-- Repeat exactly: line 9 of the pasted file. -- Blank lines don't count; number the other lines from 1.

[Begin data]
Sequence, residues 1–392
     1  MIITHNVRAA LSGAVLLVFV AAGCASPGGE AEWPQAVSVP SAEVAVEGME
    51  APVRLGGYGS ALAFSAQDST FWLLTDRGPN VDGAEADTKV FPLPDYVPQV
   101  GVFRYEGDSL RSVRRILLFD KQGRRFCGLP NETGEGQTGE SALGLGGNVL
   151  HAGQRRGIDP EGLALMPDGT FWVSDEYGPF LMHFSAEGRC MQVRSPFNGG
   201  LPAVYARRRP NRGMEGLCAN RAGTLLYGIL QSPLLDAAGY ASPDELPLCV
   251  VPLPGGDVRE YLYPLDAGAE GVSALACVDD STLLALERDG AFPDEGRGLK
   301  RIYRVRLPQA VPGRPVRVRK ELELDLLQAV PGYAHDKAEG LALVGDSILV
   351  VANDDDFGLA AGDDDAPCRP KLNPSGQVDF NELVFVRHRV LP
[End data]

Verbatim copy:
   351  VANDDDFGLA AGDDDAPCRP KLNPSGQVDF NELVFVRHRV LP